Susan Heavey, (@susanheavey) a Washington, D.C.-based journalist, is AHCJ’s topic leader on social determinants of health and curates related material at healthjournalism.org. She welcomes questions and suggestions on resources and tip sheets at determinants@healthjournalism.org.

Photo: brian hefele via Flickr

The deadliest outbreak of hepatitis A in the country flaring in southern California stems from a confluence of factors, from a lack of affordable housing and accessible health care to a shortage of public restrooms. But could other cities across the country face a similar crisis?

In Washington, D.C., outdoor retailer REI recently launched a new flagship store in the eastern part of the nation’s capital. But just outside the store, in a gentrifying neighborhood about one mile north of the U.S. Capitol, a tent city has sprung up “along the underpasses squeezed between some of the newest money in town,” according to local columnist Petula Dvorak. Continue reading

In California, housing crunch exacts toll as hepatitis deaths grow

Susan Heavey

About Susan Heavey

Susan Heavey, (@susanheavey) a Washington, D.C.-based journalist, is AHCJ’s topic leader on social determinants of health and curates related material at healthjournalism.org. She welcomes questions and suggestions on resources and tip sheets at determinants@healthjournalism.org.

Photo: Courtesy of the San Diego Union TribuneTent “cities” have swelled in southern California, creating crowded and unsanitary conditions.

Along the southern California coastline, surging development has triggered a housing boom that has also come at a heavy price for health.

Numerous outlets have been tracking what U.S. health officials say is the deadliest outbreak of hepatitis A in the country, according to The Washington Post. State officials have declared an emergency, and officials are scrambling to contain the spread of infection in one of the country’s most densely populated areas.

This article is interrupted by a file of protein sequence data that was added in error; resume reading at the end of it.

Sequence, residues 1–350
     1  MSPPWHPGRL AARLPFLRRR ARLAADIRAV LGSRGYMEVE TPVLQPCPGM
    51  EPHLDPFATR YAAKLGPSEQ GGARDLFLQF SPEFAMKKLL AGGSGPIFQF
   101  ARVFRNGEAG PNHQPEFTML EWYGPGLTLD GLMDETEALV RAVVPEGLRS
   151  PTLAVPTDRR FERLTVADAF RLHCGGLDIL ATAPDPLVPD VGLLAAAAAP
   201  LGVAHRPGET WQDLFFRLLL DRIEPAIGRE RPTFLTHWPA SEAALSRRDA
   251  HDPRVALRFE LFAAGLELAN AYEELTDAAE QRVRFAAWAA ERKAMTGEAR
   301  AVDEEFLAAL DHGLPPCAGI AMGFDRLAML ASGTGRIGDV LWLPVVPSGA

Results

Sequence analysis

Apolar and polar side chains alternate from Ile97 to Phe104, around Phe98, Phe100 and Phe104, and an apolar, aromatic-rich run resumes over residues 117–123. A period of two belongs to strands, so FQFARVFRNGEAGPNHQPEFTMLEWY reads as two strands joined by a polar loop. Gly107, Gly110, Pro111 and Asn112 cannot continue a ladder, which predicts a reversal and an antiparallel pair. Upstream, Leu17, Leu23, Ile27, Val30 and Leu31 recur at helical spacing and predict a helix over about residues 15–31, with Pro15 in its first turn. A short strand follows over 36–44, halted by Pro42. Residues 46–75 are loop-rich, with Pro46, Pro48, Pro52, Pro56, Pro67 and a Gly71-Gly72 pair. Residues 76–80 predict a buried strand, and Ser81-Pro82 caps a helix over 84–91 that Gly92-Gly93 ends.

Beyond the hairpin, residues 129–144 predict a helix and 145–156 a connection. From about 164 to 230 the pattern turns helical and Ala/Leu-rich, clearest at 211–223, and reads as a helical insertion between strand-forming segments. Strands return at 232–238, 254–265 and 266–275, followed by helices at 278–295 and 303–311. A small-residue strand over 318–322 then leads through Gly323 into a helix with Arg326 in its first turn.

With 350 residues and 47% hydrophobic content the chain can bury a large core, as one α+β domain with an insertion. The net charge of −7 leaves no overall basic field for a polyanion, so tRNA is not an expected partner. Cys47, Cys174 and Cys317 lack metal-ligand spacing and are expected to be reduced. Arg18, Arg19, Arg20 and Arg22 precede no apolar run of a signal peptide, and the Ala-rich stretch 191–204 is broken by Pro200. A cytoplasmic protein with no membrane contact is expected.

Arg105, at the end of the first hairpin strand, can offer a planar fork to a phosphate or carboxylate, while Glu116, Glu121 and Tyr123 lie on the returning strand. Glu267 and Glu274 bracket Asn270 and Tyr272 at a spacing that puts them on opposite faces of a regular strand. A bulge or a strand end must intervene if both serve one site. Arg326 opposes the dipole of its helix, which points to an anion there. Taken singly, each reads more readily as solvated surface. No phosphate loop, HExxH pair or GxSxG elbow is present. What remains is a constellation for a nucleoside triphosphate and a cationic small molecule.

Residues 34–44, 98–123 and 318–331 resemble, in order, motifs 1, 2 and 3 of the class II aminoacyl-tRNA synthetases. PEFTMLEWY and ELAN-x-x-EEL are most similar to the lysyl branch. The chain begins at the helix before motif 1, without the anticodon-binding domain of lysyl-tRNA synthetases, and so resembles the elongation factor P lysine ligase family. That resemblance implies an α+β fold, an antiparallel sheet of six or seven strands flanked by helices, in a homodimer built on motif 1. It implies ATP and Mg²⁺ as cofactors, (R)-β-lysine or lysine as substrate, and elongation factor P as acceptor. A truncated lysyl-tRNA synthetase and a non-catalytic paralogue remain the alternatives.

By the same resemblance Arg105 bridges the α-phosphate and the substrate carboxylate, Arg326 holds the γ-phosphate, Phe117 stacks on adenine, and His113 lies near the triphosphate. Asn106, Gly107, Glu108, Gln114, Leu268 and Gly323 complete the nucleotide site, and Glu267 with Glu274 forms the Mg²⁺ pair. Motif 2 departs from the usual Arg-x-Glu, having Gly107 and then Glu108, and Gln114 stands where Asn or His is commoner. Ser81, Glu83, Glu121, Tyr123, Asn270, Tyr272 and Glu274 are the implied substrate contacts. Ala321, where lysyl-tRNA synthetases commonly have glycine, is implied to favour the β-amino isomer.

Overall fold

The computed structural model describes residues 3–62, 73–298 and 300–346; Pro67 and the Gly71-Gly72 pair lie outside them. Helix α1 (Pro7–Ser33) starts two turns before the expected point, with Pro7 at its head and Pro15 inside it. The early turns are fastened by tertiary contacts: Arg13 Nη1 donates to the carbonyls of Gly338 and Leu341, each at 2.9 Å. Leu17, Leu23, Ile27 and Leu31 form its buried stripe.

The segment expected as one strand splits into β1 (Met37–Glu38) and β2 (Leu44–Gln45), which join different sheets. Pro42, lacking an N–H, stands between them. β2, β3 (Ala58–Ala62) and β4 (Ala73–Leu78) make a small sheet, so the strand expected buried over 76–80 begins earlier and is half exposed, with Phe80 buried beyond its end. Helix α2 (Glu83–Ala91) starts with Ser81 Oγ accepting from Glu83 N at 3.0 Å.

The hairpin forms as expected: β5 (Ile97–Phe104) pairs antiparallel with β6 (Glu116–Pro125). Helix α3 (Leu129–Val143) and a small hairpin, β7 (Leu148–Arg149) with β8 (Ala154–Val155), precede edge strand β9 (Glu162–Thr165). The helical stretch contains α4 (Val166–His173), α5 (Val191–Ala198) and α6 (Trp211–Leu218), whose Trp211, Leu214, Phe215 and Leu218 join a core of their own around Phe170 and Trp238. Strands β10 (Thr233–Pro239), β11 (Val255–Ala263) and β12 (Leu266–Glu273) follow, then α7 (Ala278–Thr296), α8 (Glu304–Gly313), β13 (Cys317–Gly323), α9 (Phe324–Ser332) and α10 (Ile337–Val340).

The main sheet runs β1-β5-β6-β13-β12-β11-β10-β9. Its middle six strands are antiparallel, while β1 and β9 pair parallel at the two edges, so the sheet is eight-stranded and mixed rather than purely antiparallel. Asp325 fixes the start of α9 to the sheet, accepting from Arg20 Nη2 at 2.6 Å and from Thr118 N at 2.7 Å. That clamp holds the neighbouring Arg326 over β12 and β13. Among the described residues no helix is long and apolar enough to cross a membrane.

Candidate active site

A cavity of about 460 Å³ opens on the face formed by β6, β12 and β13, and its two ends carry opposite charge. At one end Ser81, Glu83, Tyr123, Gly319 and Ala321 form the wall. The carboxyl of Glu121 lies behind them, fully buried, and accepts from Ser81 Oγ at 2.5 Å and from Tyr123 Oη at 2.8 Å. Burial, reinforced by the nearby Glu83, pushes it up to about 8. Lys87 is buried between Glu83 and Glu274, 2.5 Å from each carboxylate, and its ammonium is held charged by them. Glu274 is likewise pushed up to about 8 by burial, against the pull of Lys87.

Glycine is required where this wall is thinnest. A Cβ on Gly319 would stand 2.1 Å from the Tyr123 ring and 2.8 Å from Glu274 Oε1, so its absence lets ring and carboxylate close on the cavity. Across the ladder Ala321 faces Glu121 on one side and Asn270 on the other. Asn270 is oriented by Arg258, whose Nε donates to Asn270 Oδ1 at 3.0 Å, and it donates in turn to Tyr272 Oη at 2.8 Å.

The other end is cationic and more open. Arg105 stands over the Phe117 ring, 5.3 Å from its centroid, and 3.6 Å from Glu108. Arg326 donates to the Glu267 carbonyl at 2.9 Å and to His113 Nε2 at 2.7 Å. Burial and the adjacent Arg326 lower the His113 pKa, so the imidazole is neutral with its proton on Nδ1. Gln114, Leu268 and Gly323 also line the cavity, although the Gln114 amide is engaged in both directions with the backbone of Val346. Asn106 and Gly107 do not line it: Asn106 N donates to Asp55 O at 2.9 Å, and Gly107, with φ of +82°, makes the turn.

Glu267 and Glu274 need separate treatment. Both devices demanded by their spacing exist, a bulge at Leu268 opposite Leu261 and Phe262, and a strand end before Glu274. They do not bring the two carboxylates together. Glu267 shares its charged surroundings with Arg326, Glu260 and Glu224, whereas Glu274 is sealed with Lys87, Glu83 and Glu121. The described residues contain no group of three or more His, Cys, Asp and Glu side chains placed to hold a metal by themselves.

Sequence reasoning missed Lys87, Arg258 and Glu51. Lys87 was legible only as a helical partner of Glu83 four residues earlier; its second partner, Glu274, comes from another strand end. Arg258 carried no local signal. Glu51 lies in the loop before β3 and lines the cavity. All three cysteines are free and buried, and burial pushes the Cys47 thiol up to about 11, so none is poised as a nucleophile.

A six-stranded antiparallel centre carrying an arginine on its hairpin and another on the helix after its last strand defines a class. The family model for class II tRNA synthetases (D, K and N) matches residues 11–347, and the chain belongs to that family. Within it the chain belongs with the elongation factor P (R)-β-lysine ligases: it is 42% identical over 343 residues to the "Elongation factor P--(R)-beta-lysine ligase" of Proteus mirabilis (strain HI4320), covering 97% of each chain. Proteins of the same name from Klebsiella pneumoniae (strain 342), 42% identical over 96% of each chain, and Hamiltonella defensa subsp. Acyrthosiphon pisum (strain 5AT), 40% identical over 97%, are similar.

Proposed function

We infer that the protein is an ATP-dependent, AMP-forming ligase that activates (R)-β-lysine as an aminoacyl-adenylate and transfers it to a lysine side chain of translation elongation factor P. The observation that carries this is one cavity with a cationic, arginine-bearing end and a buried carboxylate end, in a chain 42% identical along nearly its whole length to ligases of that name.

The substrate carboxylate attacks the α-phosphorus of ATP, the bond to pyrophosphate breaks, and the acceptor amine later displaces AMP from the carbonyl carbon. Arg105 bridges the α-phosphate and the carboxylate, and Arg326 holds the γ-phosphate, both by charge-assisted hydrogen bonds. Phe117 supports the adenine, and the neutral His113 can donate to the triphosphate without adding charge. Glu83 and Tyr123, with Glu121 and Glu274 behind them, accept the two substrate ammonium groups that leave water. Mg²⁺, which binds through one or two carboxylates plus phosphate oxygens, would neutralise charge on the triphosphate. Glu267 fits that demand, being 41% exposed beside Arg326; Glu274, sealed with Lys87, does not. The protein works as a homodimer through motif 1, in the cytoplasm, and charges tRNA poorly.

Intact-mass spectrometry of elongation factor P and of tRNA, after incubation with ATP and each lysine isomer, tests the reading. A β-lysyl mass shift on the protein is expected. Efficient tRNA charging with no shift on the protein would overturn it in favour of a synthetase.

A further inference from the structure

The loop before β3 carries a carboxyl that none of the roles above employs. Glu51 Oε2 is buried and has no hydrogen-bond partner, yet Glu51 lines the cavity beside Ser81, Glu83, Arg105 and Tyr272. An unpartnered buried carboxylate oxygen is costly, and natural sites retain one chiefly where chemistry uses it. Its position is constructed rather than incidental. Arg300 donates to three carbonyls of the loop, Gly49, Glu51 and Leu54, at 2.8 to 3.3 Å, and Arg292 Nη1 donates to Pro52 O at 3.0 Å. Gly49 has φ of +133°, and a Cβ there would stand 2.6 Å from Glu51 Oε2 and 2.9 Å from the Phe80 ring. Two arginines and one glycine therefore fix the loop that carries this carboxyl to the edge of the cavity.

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Eight-part series on hepatitis C finds unique moment in an epidemic

Pia Christensen

About Pia Christensen

Pia Christensen (@AHCJ_Pia) is the managing editor/online services for AHCJ. She manages the content and development of healthjournalism.org, coordinates AHCJ's social media efforts and edits and manages production of association guides, programs and newsletters.

Kristin Espeland Gourlay

Kristin Espeland Gourlay

While working on a documentary about opioid addiction, Kristin Espeland Gourlay, the health care reporter for Rhode Island Public Radio, discovered there was another story waiting to be covered: hepatitis C.

She writes that new drugs had hit the market with reported cure rates of 95 percent or more, but they cost upwards of $90,000 for a full course. She found that the arrival of these new drugs coincides with another trend: Millions of baby boomers who contracted the disease decades ago are just now showing up in doctors’ offices and emergency rooms, sick with something most didn’t know they had.

Photo: Pia Christensen/AHCJ

Photo: Pia Christensen/AHCJ

Add to that a wave of new infections, spreading among younger injection drug users – people who got hooked on opioids and then turned to heroin – and she found that it was a unique moment in the history of an epidemic.

In this AHCJ article, she shares what she learned, what sources she used, as well as a list of potential story ideas. As she points out, this epidemic will impact many lives but also state budgets.

Read how she did her reporting and what she learned.